The Restoration of Ecological Function.

Lead Research Organisation: University of Bristol
Department Name: Biological Sciences


In 'The Space for Nature' a 120 page government report released in September 2010, Lawton and colleagues ask how we can enhance the natural environment in England in the face of climate change and other environmental insults. Their report argues that the answer is 'large-scale habitat creation and restoration, under-pinned by the re-establishment of ecological processes and ecosystem services, these being for the benefits of both people and wildlife'. In this NERC studentship proposal The University of Bristol and The Somerset Wildlife Trust will work collaboratively on habitat restoration and the restoration of two ecosystem services, those of pollination and pest control. Collaborations between academics and practitioners are likely to lead to the most effective conservation (Editorial 2008, Nature: 450, 135-136) with the former providing expertise in experimental design, statistics and the scientific context, and the latter providing logistical help (here, large scale field manipulations), detailed knowledge of field sites and habitat management expertise. We will test whether the restoration of one species can facilitate the restoration of other parts of the community, namely the large community of bees, flies, beetles and butterflies that visit flowers for pollen and nectar, ie. an ecological 'two for the price of one'. It has been possible to identify dominant or keystone plants in all the plant-pollinator communities studied so far by Memmott. Thus the approach is readily applicable to a range of communities worldwide and could provide a scientific basis for which plant species to restore and could also jump start the restoration of ecosystem services. Our model study system is the ongoing restoration of Sium latifolium (greater water parsnip) in the Somerset Levels. Memmott's pilot data on S. latifolium at two sites in Norfolk indicates that this species, like others in the same plant family, is highly attractive to flower visitors. Many parasitoids (providers of pest control in agroecosystems) were also found feeding on the S. latifolium flowers. For this studentship the Somerset Wildlife Trust will plant out populations of S. latifolium at eight sites in the Somerset Levels, with a further eight sites left as controls. A successful pilot transplantation took place in 2008/9 at the field site. A paired design will be used and at each of the 16 sites, quantitative plant-pollinator network will be made and the structure of the webs compared. This approach has proved a highly publishable approach for Memmott's students. For example Carvalheiro et al. (2008) Carvalheiro, Buckley & Memmott (2010), Lopezaraiza et al. (2007), Heleno et al. (2009 & 2010). All references are listed under 'Supervisors'. A second Somerset Levels restoration programme, still at a very preliminary stage, is the reintroduction of the swallowtail butterfly (Papillo machaon britannicus). While not important from an ecological function point of view, the restoration of this iconic species would provide a tremendous local attraction (tourism, like pollination and pest control, is an ecosystem service) and huge potential for environmental education about the habitat in general. Whether or not the swallowtail was actually a resident species remains a subject of some debate though. Using a molecular approach we will determine whether specimens of swallowtail butterflies in museums local to the Somerset Levels are from populations different to those found in museums close to sites where good evidence exists as to their presence. At the University the student will join a vibrant group of 5 PhD students, a PDRA, two Research Fellows and a £1.3 million grant on urban pollinators led by Memmott. At the Somerset Wildlife Trust, the student will be a member of an active team of conservation practitioners involved in agroecology, conservation, public engagement and school activities.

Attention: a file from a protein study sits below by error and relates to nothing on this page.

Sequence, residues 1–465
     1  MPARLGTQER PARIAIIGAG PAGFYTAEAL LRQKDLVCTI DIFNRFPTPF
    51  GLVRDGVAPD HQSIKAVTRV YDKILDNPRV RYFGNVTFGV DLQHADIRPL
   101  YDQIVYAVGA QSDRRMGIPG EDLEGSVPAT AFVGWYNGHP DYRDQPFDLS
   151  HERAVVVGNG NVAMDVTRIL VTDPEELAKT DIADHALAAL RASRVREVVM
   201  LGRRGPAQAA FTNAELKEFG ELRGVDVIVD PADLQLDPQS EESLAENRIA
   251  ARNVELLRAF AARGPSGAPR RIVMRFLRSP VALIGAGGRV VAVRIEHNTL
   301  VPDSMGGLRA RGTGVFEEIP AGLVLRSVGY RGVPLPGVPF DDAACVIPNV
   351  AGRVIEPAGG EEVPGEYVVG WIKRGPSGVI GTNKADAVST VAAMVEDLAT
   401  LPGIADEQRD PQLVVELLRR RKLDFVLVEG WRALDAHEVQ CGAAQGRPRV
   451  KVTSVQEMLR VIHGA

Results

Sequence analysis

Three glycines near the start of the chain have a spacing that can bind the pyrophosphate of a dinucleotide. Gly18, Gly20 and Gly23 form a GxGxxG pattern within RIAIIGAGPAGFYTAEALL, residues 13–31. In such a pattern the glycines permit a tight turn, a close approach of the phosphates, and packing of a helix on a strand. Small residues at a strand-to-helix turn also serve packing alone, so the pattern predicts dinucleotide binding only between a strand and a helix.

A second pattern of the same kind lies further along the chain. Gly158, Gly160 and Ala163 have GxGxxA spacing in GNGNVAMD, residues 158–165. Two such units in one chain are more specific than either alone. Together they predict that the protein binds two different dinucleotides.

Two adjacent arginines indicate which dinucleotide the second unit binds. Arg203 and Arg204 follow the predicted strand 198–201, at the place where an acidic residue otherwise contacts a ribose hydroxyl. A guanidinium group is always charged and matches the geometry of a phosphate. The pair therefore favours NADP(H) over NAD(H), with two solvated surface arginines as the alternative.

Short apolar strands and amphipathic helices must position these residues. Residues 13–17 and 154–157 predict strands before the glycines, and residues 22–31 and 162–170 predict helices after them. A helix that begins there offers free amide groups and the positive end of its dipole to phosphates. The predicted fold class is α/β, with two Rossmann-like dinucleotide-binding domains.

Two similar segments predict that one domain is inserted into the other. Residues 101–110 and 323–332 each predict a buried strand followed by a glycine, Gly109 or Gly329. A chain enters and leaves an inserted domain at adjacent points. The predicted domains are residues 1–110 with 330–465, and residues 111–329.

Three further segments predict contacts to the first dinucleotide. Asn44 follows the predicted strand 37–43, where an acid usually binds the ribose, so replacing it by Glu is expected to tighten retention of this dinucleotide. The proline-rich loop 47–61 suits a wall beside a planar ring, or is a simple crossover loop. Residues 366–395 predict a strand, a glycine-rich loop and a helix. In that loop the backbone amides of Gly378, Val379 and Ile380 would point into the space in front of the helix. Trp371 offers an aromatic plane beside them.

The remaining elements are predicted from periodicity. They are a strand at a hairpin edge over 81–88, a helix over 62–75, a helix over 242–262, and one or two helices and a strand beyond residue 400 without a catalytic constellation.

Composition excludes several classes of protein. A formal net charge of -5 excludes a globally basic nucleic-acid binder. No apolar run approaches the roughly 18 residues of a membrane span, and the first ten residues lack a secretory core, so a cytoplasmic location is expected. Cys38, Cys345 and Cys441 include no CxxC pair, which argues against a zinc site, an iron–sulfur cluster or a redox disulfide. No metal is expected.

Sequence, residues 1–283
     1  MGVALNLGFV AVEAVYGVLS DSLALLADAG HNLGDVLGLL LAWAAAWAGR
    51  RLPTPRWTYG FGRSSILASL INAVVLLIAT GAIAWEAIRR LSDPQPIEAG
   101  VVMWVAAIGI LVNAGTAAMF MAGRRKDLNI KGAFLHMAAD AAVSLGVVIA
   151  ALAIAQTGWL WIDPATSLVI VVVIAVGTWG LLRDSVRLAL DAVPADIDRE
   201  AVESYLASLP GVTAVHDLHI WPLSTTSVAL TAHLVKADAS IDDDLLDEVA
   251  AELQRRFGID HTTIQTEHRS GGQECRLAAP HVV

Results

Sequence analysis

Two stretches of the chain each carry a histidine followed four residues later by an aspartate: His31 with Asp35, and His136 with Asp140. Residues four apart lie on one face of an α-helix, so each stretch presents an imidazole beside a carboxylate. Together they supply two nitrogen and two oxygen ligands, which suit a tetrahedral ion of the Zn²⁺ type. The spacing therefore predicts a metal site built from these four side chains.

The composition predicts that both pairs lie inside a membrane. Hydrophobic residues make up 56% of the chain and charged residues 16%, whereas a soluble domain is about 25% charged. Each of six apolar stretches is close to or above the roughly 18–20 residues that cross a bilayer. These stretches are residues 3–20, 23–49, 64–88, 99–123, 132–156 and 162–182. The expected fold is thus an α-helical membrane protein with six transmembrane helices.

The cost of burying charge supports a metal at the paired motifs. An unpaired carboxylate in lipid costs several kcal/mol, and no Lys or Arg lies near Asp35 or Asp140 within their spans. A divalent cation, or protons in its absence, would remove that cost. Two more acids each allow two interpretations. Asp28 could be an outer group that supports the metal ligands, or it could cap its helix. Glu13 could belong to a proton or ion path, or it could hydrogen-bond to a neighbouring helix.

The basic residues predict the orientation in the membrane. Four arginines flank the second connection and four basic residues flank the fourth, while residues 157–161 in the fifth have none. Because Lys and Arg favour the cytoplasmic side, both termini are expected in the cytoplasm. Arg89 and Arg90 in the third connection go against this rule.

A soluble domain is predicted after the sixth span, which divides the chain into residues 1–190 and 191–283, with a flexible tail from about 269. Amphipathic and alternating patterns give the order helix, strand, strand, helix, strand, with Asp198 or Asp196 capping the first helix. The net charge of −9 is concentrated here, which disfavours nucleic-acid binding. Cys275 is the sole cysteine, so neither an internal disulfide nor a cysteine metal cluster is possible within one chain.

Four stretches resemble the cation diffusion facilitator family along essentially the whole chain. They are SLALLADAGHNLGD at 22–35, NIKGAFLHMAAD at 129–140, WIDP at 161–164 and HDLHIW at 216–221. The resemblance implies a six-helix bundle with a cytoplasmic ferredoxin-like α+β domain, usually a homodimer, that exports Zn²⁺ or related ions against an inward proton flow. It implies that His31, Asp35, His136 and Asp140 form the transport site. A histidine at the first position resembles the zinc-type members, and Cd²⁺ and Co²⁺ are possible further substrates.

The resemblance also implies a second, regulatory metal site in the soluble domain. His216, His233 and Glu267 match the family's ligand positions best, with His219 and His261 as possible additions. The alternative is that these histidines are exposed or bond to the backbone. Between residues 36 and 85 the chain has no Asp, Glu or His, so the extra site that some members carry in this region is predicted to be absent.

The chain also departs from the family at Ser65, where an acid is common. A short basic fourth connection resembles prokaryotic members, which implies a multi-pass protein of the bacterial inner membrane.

10 25 50